The Treaty ending the Second Macedonian War made it clear that the kingdom was now subordinate to Rome, even if it remained free to regulate its internal affairs. Rome now directed its foreign policy, arbitrated in disputes between Philip and the Greek cities and expected him to behave as a loyal ally. The army that had beaten the Macedonians was fed, at least in part, on grain from recently defeated Carthage. When Lucius Scipio took his army into Asia against the Seleucids, Philip V used a mixture of diplomacy and force to secure their route through passes controlled by predatory Thracian tribes. When the Roman army returned by the same route under the command of Manlius Vulso, he failed to request assistance from Macedon and as a result suffered badly in a series of ambushes. Antiochus III was obliged to accept similar peace terms to those agreed by Philip V after Magnesia. He agreed to withdraw from Asia Minor, was forbidden from making war in Asia or Greece, and was only to fight defensively if attacked by another state in this area. An indemnity of 15,000 talents was to be paid to Rome, more than had been demanded from Carthage, but not an impossible sum for the wealthy Seleucids. In addition, Antiochus gave up almost all of his warships and war elephants.12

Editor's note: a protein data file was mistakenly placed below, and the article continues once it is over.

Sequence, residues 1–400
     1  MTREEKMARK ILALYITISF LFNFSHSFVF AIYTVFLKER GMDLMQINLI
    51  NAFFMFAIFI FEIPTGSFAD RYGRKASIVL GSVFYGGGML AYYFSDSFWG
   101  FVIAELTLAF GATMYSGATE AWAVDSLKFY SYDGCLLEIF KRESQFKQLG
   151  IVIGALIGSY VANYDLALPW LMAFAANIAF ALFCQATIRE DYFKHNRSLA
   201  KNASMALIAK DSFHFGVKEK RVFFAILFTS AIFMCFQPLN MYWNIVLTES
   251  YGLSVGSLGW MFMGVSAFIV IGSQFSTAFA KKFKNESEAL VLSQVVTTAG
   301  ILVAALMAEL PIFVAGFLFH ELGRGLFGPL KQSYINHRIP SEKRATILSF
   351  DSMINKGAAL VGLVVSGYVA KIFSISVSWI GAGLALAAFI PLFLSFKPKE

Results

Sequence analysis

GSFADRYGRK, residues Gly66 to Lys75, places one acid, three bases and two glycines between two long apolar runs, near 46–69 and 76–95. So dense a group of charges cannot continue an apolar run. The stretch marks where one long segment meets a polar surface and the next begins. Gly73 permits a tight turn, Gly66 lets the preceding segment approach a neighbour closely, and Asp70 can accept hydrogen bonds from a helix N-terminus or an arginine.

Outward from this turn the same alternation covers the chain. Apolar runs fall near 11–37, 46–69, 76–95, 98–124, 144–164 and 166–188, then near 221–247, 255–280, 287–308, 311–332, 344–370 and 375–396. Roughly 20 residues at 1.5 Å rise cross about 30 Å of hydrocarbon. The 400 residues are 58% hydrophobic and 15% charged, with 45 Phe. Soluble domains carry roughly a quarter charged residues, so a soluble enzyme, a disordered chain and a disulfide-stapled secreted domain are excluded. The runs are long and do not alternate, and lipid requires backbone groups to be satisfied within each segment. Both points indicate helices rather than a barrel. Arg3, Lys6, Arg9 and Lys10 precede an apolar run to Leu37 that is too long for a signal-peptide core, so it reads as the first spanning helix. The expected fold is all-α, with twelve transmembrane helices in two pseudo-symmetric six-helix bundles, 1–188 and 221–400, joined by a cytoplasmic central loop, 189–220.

Although Philip V studiously obeyed the terms of his treaty with Rome, both he and his son Perseus made every effort to strengthen their power within Macedonia. The army was increased and carefully trained, more control gained over the Thracian and Illyrian tribes on their borders, and connections renewed with cities in Greece. This was not the behaviour the Romans expected from a subordinate ally, although entirely legitimate by Greek standards. It is extremely doubtful that Macedonia posed a threat to Rome in the way that Livy claims, or that Perseus had any plans for an invasion of Italy, but clear that the Romans viewed these developments with extreme suspicion. Military strength and an increasingly independent foreign policy were not to be tolerated in former enemies. After the defeat of Perseus, the kingdom was abolished, although the Romans were still very reluctant to add another province to their existing four. Instead Macedonia was divided into four self-governing regions or Merides, each with its own laws and magistrates. Elements of this settlement were to last for several centuries.13